The store is filled with love stories — from the stacks of Neruda that sell out on Valentine’s Day, to Romeo and Juliet on high school reading lists, and the middle-aged professional proudly unembarrassed to ask for Fifty Shades of Grey.

“It’s the most realistic portrait of the romantic idea of working in a bookstore I’ve ever had,” says Jordan Pearson, the newest of the Browser clerks. “It’s being a bartender without the liquor — and sometimes I wish I had a bouncer late at night.”

“I always feel like I’m the party host,” says Fred Martin. “I want the store to be a place where people can be at home and talk about anything. I love being part of that.”

Browser Books opened in 1976 a block north next door to the Clay Theatre.

“It was a real artist hangout,” says Martin. He recalls a couple who met in the old store and got married under the avocado tree in the garden out back, near the fountain with a sculpture of brass instruments. Just recently they stopped by, back in town from Oregon, and talked about moving back.

In 1989 Browser gave up used books and moved south to its smaller current location.

“We’re not just a little library, like a lot of other places,” says Martin. “People have always been friendly and outspoken here.”

The Beat poet Latif Harris worked at the old Browser for a time and lived upstairs above the shop. He met his wife when she came browsing into the store one day. Fred Martin also met his spouse there. And so have others.

 MORE: “Book Lovers

Luxury condos boost late summer sales

VIDEO: Grand opening of The Pacific condos at 2121 Webster on September 15.

REAL ESTATE | PATRICK BARBER

The period before Labor Day is typically a slow time for real estate. But this year was a lot busier, thanks to new condominium buildings that have been opening across San Francisco’s northern neighborhoods.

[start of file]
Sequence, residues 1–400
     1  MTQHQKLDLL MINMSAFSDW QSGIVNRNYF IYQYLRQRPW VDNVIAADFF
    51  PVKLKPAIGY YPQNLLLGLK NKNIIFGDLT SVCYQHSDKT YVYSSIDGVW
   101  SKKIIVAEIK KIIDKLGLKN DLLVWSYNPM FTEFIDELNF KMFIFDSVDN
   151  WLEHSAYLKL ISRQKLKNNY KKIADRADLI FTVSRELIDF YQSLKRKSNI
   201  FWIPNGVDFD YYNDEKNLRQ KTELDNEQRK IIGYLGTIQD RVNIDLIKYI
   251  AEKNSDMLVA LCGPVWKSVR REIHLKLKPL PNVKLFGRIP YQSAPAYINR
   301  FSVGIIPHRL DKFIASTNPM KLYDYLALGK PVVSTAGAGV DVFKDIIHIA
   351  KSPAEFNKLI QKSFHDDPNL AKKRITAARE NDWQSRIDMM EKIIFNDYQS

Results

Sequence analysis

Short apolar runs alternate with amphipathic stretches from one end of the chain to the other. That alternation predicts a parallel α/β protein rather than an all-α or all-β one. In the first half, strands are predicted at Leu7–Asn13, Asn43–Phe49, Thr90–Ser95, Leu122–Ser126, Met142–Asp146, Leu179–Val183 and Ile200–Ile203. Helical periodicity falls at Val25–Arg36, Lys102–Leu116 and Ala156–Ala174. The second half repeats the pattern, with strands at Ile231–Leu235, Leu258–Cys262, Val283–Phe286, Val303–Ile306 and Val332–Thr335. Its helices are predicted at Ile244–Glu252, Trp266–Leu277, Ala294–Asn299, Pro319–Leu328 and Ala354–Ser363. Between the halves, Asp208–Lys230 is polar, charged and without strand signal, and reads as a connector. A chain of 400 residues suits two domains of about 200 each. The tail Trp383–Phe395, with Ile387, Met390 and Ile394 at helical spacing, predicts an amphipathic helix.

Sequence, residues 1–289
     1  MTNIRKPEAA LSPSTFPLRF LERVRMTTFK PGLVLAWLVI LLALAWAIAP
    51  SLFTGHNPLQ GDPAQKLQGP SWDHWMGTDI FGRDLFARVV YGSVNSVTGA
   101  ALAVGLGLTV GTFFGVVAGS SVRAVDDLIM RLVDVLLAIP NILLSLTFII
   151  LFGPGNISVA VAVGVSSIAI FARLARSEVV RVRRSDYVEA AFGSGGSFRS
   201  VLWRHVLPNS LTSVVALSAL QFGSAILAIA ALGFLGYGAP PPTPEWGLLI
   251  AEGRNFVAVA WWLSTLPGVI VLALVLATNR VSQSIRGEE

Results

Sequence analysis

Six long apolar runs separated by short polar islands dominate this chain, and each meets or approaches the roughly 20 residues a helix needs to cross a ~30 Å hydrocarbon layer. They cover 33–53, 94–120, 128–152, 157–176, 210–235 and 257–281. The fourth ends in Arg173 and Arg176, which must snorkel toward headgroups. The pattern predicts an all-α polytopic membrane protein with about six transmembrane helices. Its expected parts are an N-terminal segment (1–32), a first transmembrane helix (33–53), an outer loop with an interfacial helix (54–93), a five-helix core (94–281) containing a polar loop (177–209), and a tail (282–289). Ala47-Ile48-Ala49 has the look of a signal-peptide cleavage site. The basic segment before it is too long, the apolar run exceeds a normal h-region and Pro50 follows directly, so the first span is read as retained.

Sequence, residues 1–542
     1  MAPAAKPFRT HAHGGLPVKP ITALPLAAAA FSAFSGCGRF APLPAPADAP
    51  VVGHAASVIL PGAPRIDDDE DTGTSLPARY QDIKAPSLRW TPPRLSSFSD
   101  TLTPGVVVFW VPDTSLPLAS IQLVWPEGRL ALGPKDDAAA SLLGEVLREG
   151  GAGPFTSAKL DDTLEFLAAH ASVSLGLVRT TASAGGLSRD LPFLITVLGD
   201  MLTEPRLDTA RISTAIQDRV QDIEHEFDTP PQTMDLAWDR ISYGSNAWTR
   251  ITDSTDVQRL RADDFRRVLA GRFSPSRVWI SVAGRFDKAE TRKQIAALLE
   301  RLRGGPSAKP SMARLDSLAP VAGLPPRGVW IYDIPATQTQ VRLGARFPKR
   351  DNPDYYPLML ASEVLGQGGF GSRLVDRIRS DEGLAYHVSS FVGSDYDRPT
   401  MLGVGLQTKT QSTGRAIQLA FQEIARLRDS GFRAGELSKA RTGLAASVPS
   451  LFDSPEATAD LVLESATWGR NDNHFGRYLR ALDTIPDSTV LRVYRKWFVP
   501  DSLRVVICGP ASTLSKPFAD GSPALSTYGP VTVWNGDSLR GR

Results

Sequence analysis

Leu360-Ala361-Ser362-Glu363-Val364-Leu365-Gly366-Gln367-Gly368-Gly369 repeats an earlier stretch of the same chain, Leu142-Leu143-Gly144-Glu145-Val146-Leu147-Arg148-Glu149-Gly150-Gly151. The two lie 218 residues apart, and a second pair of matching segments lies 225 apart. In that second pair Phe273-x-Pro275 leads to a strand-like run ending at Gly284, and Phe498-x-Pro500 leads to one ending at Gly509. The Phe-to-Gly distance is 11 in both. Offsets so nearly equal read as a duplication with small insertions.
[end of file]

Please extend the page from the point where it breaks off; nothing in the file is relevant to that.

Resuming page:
There were 32 condominium sales in Cow Hollow, Lower Pacific Heights, Pacific Heights and Presidio Heights between mid-August and mid-September — almost three times as many as the same period last year.

Three more units recently sold at the LuXe, a seven-story, 34-unit building at 1650 Broadway between Van Ness and Franklin. Two nearly 1,500-square-foot, three-bedroom condos in the building sold on the last day of August, one for $2.1 million and the other for $2.5 million. Also that day, a three-bedroom penthouse in the building fetched $5.1 million.

The Pacific, another new building located just steps from the heart of upper Fillmore at 2121 Webster Street, saw two big ticket sales recently, with two three-bedroom units selling for $6.2 million and $9 million. One of the penthouses in The Pacific has also closed, with a selling price of $11.5 million.

EARLIER: For buyers with cash, condos promise cachet

Hello from the other side

WHEN SHE’S NOT at her day job in a medical office near Fillmore, singer-songwriter Candace Roberts can often be found on the stage or in a cabaret.

Her recent music video, “Hello Ed Lee” — an adaptation of Adele’s mega-hit “Hello” — is a plaintive cry to the mayor of San Francisco about what she calls “a tale of two cities, and not the book, but reality.” Over images of street tents housing the homeless, she sings: “Oh this city is filthy rich, yet there’s crisis in the streets.”